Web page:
A new research this week featured a new data storage technique that leverages DNA molecules to store digital information.
Researchers from Columbia University and the New York Genome Centre have stored a computer operating system, a short movie along with other data in DNA. The study, published in journal Science, showed that an algorithm designed for streaming video on a cellphone could unlock DNA’s nearly full storage potential by squeezing more information into its four base nucleotides.
DNA is an ideal storage medium because it is ultra-compact and can last hundreds of thousands of years if kept in a cool, dry place, as demonstrated by the recent recovery of DNA from the bones of a 430,000-year-old human ancestor found in a cave in Spain. “DNA won’t degrade over time like cassette tapes and CDs, and it won’t become obsolete – if it does, we have bigger problems,” said Yaniv Erlich from Columbia University.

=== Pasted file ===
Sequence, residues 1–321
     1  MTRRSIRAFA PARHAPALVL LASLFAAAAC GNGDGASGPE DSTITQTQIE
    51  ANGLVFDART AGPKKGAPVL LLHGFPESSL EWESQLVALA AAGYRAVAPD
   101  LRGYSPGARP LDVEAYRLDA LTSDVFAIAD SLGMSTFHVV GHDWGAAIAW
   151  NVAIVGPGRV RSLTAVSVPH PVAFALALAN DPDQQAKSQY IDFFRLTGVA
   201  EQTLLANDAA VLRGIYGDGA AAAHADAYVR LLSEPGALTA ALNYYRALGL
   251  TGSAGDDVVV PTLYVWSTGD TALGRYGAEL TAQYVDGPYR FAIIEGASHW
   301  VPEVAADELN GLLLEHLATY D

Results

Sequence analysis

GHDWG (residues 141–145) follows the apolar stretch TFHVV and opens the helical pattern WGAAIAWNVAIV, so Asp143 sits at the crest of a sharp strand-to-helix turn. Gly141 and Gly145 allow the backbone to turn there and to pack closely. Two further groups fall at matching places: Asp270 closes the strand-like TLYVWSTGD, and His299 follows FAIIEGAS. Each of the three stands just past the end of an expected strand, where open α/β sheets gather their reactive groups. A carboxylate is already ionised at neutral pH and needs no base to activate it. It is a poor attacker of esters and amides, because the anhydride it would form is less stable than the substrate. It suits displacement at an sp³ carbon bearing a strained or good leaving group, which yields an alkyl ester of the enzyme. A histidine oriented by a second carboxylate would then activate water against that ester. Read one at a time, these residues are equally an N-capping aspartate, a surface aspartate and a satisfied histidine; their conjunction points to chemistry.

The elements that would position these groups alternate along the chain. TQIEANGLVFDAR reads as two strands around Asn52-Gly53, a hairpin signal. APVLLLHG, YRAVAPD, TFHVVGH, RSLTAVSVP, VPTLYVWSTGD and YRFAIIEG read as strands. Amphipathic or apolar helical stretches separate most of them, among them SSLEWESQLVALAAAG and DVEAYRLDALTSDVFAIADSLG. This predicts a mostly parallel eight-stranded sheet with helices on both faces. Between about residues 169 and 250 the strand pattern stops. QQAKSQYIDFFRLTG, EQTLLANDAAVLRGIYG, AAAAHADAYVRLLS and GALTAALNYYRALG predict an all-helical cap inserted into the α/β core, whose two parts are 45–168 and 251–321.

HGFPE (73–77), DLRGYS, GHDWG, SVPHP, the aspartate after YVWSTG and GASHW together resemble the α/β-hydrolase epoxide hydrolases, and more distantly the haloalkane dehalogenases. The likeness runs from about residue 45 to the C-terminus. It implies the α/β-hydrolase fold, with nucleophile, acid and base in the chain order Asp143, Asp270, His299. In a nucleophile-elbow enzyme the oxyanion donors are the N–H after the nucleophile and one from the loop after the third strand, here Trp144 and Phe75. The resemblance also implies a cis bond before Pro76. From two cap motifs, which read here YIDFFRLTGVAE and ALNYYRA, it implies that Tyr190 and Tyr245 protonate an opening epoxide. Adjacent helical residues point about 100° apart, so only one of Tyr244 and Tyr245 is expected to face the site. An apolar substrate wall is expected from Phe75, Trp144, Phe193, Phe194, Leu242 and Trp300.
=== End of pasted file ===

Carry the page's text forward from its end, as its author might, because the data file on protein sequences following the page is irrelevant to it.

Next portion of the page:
Researchers chose six files to encode, or write, into DNA: an operating system, an 1895 French film “Arrival of a train at La Ciotat”, a $50 Amazon gift card, a computer virus, a Pioneer plaque and a 1948 study by information theorist Claude Shannon.
They compressed the files into a master file, and then split the data into short strings of binary code made up of ones and zeros. Using an erasure-correcting algorithm called fountain codes, they randomly packaged the strings into so-called droplets, and mapped the ones and zeros in each droplet to the four nucleotide bases in DNA: A, G, C and T.
The algorithm deleted letter combinations known to create errors and added a barcode to each droplet to help reassemble the files later. The researchers showed that their coding strategy packed 215 petabytes of data on a single gram of DNA, which according to Erlich was the highest-density data-storage device ever created. “This is the highest-density data-storage device ever created,” said Erlich.